YouTube Offline, Pakistan Telecom Blamed

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YouTube was knocked offline for two hours Sunday when Pakistan Telecom claimed its IP addresses, sparking a debate about whether the outage was a botched effort to block Pakistanis’ access to the site, or a deliberate political IP hijacking. David Ulevitch of OpenDNS said that YouTube was down “because Pakistan Telecom has decided to (accidentally probably) hijack their IP address space which means that nobody in the world can reach Youtube.” Posts to the North American Network Operators Group (NANOG) confirmed that Pakistan Telecom (AS17557) made a change to routing tables that redirected an IP block for YouTube – which included all of the DNS servers that direct traffic to YouTube.

Hong Kong-based provider PCCW, which is upstream of Pakistan Telecom, at first adopted the errant routing change announced by Pakistan Telecom but addressed the error after the video portal had been offline for two hours. YouTube has reportedly added a DNS server in a separate network block to prevent a repeat of the incident.

The Pakistan government moved to block access to YouTube because of anti-Islamic clips posted on the site. A government decided to block YouTube because it contained “blasphemous content, videos and documents,” a government official told AFP. “The site will remain blocked till further orders,” he said. The blockage was believed to relate to cartoons published by Danish newspapers in 2005 and reprinted earlier this month.

“For about two hours, traffic to YouTube was routed according to erroneous Internet Protocols,” YouTube spokesperson Ricardo Reyes said in a statement to News.com. “Many users around the world could not access our site. We have determined that the source of these events was a network in Pakistan. We are investigating and working with others in the Internet community to prevent this from happening again.”

At first blush, most network professionals thought it unlikely that the move was intentional. The BBC quoted a network professional who called the routing change “probably a simple mistake by an engineer at Pakistan Telecom. There’s nothing to suggest this was malicious.” An attempt by a smaller network to hijack YouTube’s DNS traffic could be expected to immediately degrade performance on the hijackers’ network.


The erroneous IP assignments spread across the net within 1 minute, 45 seconds of its announcement by Pakistan Telecom, according to a timeline by Renesys. It took about 80 minutes for YouTube to inform its providers that the route had been hijacked, according to Renesys, which provides network monitoring and optimization services. “In this case, PCCW (3491) did not validate Pakistan Telecom’s (17557) advertisement for 208.65.153.0/24,” wrote Martin Brown of Renesys. “By accepting this advertisement and readvertising to its peers and providers PCCW was propagating the wrong route.”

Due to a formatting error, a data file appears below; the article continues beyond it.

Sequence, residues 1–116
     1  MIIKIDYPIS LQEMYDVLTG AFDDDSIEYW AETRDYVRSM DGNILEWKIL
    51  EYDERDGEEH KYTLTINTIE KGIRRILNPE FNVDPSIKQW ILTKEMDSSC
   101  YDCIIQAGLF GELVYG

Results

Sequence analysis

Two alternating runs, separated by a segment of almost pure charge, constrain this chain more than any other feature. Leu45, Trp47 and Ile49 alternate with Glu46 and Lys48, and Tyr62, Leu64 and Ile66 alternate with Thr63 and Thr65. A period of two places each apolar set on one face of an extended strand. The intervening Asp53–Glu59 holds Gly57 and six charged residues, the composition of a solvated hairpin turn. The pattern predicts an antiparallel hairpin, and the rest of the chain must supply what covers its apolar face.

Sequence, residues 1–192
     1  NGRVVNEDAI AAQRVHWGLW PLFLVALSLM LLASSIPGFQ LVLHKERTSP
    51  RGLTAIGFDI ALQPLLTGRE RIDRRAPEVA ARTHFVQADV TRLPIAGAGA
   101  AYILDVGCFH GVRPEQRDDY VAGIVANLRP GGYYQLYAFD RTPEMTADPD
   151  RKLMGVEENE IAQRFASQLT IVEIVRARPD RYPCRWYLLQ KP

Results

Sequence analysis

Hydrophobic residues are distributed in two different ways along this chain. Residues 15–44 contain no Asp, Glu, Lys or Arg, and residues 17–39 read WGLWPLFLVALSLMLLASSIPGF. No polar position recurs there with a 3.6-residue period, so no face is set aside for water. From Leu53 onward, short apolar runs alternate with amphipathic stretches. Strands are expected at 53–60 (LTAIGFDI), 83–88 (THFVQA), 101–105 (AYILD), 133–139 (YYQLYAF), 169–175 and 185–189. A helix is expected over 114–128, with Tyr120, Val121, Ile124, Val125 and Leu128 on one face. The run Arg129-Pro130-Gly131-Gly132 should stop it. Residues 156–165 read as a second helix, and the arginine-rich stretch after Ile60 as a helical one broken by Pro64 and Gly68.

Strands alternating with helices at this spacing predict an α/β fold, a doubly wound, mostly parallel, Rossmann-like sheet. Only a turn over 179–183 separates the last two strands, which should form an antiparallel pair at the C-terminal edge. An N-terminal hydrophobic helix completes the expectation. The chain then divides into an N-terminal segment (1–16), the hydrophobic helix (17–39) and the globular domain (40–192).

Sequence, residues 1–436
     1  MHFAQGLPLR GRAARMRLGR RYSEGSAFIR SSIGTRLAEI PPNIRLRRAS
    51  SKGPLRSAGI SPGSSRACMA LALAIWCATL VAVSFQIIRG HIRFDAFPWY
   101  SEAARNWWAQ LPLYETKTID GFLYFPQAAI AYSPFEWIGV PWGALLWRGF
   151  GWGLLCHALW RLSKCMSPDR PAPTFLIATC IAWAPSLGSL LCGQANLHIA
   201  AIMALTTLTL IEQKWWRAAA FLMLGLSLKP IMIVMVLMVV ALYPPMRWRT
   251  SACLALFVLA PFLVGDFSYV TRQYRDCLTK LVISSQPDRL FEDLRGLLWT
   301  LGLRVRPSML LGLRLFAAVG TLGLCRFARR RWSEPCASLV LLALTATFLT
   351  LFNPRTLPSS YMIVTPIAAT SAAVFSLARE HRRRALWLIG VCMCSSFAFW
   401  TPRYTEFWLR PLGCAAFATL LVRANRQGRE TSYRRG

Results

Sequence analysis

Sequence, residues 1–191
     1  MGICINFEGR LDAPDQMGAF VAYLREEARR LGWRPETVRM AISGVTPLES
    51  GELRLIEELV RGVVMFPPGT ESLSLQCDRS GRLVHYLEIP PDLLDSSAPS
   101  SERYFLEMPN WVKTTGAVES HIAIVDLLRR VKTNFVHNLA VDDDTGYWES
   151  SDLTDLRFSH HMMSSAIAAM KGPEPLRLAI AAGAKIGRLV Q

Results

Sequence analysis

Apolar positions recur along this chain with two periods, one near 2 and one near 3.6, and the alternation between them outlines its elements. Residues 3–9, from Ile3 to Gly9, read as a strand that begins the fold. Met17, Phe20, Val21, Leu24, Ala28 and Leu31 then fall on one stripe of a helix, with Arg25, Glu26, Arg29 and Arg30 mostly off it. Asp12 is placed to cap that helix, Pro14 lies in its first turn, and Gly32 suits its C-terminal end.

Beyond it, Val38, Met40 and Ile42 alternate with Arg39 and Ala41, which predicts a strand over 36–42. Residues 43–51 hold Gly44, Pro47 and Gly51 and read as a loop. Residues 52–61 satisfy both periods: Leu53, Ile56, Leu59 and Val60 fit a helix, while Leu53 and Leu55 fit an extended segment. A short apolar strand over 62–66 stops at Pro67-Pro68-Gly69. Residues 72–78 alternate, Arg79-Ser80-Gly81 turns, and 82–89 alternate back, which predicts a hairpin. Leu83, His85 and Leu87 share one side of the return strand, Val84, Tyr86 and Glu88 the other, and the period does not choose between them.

Network operators immediately began assessing ways to detects IP hijackings – whether intentional or not – and restore Internet routing tables as quickly as possible. Pakistan Telecom was able to hijack YouTube’s traffic due to the nature of Internet routing, which favors the most specific assignment of an IP address. This allows a large hosting provider with many IP addresses to partition large blocks of IPs to customers. Because users of IP addresses change, network providers “announce” the changes, which are then recognized by other providers.

On Sunday Pakistan Telecom announced that it now was using IP addresses that belonged to YouTube in San Mateo, Calif. PCCW adopted the change, not realizing that the IP did not rightfully belong to Pakistan Telecom. NANOG participants said YouTube reached out directly to PCCW to address the issue. It’s not clear why it took so long for PCCW to reverse the error, but weekend staffing at Asia-Pacific providers was also an issue in the 2005 domain hijacking of Panix.com, as the New York ISP had trouble reaching officials at Australian registrar Melbourne IT to convince them that the domain transfer was fraudulent.

About the Author

Rich Miller is the founder and editor at large of Data Center Knowledge, and has been reporting on the data center sector since 2000. He has tracked the growing impact of high-density computing on the power and cooling of data centers, and the resulting push for improved energy efficiency in these facilities.